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How would you go about proving whether or not the adjoint of a linear operator $H$ (in a vector space) is also linear? I have

$$H: X \to Y \text{ and } H^*: X \to Y$$

such that

$$\langle H(x),y\rangle = \langle x,H^*(y)\rangle$$

I'm not sure where to start, any hints would be great and I can take it from there.

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    $\begingroup$ Note my edits: Proper usage is $X\to Y$, not $X->Y$, and $\langle H(x),y\rangle$, not $<H(x),y>$. $\qquad$ $\endgroup$ – Michael Hardy Sep 28 '16 at 2:41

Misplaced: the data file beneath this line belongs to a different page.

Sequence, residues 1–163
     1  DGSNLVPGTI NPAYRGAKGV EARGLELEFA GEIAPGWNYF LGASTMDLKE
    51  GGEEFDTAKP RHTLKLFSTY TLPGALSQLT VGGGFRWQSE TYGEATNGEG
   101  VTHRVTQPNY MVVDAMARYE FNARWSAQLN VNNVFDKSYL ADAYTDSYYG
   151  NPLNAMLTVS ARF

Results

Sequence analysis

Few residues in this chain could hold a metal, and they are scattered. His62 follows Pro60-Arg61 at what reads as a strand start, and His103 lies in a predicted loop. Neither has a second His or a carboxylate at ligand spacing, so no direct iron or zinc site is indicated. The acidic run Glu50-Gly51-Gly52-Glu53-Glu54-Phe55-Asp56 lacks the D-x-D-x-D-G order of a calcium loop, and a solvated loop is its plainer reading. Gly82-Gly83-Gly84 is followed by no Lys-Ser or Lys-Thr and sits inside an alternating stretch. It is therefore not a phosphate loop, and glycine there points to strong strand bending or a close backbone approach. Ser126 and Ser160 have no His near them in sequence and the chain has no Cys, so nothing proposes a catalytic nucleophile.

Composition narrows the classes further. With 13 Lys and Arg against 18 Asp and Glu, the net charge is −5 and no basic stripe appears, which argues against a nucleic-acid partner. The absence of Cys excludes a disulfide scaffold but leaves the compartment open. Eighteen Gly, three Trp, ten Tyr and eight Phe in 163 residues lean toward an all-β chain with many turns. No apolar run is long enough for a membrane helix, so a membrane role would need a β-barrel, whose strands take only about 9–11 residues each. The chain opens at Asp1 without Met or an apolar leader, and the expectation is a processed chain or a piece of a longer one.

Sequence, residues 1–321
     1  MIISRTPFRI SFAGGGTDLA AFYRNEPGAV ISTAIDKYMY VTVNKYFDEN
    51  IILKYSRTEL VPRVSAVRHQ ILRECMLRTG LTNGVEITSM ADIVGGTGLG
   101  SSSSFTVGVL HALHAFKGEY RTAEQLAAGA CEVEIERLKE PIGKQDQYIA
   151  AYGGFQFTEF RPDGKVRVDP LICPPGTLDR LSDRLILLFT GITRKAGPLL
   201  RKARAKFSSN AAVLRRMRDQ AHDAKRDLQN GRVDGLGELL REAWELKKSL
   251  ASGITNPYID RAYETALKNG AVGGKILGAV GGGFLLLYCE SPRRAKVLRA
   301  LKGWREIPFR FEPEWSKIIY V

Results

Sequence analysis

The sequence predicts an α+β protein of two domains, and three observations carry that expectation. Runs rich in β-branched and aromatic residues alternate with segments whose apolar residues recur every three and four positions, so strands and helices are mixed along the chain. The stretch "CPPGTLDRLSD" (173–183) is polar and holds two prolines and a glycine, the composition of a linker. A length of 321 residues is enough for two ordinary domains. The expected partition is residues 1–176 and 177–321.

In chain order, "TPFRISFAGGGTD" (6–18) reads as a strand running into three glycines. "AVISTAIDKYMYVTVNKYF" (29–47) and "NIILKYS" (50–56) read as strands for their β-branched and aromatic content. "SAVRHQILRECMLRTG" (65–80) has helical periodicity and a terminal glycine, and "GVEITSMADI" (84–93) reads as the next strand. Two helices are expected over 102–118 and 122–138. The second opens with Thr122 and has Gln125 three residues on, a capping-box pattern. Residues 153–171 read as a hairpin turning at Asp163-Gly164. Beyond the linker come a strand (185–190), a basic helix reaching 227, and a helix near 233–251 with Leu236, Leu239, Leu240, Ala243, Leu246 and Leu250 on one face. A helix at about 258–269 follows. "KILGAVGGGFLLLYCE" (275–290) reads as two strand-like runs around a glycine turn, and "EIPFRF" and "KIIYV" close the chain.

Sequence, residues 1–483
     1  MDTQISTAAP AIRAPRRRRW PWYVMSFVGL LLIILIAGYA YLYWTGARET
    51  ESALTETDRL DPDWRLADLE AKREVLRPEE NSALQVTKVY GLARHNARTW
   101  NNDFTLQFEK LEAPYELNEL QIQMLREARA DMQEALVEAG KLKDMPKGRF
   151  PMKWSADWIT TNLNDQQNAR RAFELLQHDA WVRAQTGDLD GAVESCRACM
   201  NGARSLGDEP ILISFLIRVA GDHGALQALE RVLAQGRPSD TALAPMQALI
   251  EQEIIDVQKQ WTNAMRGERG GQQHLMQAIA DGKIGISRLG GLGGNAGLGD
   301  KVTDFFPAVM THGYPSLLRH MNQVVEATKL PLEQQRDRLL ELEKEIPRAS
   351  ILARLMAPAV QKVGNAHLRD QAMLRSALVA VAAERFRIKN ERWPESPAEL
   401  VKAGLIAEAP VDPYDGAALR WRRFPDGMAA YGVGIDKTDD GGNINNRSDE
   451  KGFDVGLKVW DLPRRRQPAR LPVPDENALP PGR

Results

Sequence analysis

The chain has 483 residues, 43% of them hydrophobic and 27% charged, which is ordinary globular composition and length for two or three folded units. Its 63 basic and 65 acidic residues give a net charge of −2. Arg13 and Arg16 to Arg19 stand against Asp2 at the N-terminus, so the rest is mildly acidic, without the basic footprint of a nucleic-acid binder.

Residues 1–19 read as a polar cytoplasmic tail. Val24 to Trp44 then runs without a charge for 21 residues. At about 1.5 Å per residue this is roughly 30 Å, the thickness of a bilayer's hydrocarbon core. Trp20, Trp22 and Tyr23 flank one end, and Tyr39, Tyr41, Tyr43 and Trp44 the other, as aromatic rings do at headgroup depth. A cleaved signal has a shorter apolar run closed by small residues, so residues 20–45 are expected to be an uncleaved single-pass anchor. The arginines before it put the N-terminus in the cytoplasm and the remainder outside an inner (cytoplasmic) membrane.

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    $\begingroup$ Yes it is true. Show that $H^*(u + v) = H^*(u) + H^*(v)$ $\endgroup$ – IAmNoOne Sep 28 '16 at 2:43
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    $\begingroup$ Shouldn't it be $H^*: Y\to X$? $\endgroup$ – user137731 Sep 28 '16 at 2:43
  • $\begingroup$ I'm not sure. The problem i'm looking at says $H^*: X \to Y$ $\endgroup$ – Ghazal Sep 28 '16 at 2:45
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    $\begingroup$ It must be a typo, then, since $\langle H(x),y\rangle$ only makes sense if $y \in Y$ (since $H(x) \in Y$), and $\langle x,H^*(y)\rangle$ only makes sense if $H^*(y) \in x$ (since $x \in X$). $\endgroup$ – arkeet Sep 28 '16 at 2:47
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Hint for additivity: Show that $\langle x, H^*(y) + H^*(y') - H^*(y+y') \rangle = 0$ for all $x \in X$ and $y,y' \in Y$.

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